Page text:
Digital transformation will add an estimated $45 billion to Australia’s economy by 2021 and increase its growth rate by 0.5 per cent annually, according to a new study.
Unlocking the Economic Impact of Digital Transformation in Asia Pacific, produced by Microsoft in partnership with IDC Asia/Pacific, highlighted some of the challenges digitalisation presents the industry.
While companies cited benefits of digital transformation including improvement in profit margin and productivity, as well as cost reduction and increased revenue from new products and services, they also noted a lack of skills and resources, plus siloed organisations and cultures which are resistant to change.
“Australia is clearly on the digital transformation fast track. Within the next four years, we expect to see an additional $45 billion of Australia’s GDP derived from digital products and services,” said Steven Worrall, Microsoft Australia’s managing director.
“At the same time, organisations are increasingly deploying emerging technologies such as artificial intelligence as part of their digital transformation initiatives, which will accelerate growth even further.
“However, it’s important to note, transformation is about people as much as it is about technology. The top two barriers to digital transformation cited in the study are strongly anchored in an organisation’s ability to empower their people and transform their organisations to take advantage of the opportunity that digital transformation represents,” Worrall said.
The study echoes comments made by the Governor of the Reserve Bank of Australia last week who said that Australia’s future economy is likely to be built through investment in information technology and the skills in our labour force, rather than the natural resources which have been the backbone of the Australian economy for many years.
According to the Australian business leaders surveyed, one of the societal benefits of digital transformation will be the creation of higher value jobs.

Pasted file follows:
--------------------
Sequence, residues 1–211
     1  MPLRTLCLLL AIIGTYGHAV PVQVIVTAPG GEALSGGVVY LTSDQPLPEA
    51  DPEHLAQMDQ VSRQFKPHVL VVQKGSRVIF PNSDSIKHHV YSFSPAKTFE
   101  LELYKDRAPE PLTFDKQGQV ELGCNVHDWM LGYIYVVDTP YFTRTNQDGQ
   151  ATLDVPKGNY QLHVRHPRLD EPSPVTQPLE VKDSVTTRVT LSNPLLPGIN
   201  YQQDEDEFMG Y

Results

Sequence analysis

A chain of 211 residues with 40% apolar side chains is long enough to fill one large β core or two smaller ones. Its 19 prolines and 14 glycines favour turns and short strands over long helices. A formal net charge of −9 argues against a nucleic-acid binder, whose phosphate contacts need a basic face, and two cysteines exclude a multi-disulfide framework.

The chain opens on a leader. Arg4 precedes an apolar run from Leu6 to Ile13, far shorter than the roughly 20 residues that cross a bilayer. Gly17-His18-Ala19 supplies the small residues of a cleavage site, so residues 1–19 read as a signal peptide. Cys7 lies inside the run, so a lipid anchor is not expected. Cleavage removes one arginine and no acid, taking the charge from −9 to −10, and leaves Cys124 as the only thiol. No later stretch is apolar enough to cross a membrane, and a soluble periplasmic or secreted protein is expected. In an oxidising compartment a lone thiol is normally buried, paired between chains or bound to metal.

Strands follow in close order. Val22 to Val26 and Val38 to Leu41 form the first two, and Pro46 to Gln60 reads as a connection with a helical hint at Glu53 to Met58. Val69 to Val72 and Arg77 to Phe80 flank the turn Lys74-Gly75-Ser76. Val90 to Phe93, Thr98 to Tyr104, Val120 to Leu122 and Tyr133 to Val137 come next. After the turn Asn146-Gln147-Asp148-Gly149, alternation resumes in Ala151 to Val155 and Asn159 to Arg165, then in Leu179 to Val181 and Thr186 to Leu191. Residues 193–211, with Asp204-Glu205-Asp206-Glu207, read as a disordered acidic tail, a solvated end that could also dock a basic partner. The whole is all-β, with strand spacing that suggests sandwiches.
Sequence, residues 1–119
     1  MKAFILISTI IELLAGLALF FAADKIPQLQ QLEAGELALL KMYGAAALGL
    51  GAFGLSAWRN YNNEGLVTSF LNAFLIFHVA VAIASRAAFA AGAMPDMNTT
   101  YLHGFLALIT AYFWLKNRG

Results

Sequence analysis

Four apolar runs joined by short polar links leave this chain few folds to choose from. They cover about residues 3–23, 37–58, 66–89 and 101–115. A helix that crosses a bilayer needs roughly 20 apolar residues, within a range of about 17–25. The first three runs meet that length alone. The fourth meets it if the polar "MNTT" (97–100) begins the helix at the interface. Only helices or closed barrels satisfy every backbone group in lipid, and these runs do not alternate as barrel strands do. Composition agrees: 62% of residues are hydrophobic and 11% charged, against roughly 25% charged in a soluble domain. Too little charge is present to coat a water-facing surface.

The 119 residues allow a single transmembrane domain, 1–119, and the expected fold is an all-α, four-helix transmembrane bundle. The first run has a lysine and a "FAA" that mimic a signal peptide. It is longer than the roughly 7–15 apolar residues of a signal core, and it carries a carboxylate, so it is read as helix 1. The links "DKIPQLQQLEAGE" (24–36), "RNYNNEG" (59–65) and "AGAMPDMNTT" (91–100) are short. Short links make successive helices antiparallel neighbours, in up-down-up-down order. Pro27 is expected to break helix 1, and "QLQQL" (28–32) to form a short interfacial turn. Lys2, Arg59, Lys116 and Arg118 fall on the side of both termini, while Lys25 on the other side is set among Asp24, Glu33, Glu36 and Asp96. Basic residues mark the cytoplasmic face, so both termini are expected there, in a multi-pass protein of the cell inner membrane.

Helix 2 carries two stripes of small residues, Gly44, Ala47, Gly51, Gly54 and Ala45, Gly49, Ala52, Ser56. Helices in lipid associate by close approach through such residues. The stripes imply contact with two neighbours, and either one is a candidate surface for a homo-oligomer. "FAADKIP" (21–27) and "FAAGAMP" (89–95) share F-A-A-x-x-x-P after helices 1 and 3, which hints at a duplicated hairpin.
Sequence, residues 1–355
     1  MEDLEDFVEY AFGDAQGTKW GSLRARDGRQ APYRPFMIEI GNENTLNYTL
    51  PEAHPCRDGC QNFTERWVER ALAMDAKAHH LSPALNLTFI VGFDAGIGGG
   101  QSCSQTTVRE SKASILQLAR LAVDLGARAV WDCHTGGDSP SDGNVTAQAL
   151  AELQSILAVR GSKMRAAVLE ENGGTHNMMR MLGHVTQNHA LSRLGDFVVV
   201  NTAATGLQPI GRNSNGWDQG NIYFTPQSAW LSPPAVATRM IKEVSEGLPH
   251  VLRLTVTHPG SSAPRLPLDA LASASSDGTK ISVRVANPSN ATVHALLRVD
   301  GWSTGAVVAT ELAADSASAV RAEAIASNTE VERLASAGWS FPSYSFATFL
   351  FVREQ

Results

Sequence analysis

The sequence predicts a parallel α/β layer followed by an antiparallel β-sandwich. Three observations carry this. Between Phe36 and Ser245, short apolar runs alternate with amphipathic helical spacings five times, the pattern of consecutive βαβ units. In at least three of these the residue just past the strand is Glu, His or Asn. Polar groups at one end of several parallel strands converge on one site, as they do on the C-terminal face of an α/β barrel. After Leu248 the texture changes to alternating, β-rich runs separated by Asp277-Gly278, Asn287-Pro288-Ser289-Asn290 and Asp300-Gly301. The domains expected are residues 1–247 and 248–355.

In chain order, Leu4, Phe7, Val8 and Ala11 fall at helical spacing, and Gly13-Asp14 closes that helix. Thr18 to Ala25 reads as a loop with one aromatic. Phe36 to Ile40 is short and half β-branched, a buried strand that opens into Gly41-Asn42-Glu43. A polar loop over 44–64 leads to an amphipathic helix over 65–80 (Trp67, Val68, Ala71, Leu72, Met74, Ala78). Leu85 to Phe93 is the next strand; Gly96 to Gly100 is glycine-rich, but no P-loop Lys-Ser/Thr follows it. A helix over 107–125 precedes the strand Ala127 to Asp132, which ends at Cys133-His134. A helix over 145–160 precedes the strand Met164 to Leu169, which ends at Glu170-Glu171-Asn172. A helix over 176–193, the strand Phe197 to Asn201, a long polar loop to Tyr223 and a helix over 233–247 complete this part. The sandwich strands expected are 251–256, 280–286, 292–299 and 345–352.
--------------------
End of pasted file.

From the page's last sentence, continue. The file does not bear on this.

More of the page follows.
Respondents in Australia believe that 83 per cent of jobs will be transformed in the next three years due to digital transformation, with 54 per cent redeployed to higher value roles or reskilled to meet the needs of the digital age.
“The rise of digital transformation will no doubt affect the labour market where many jobs will evolve and change,” Worrall said.
“While it’s encouraging to see that 66 per cent of respondents are confident young professionals already have future-ready skills that will help them transition to new roles, organisations must focus on reskilling and upskilling those already in workforce who may not have the required skillset for the changing economy.”
Earlier this year, Microsoft launched its National Skills Program which focuses on helping people already in the workforce and disadvantaged groups most in danger of falling behind as the economy becomes increasingly technology-driven.
“Equipping the nation to succeed in the digital age – and ensuring all Australians benefit from it – must be a national priority if Australia is to remain competitive and maintain its record-breaking 26 years of economic growth,” Worrall continued .
“Employers across all industries need to commit to helping workers prepare for the digital age. It is going to take a collective effort to ensure that no Australians get left behind and we each need to play our part in shaping and building Australia’s future-ready workforce.”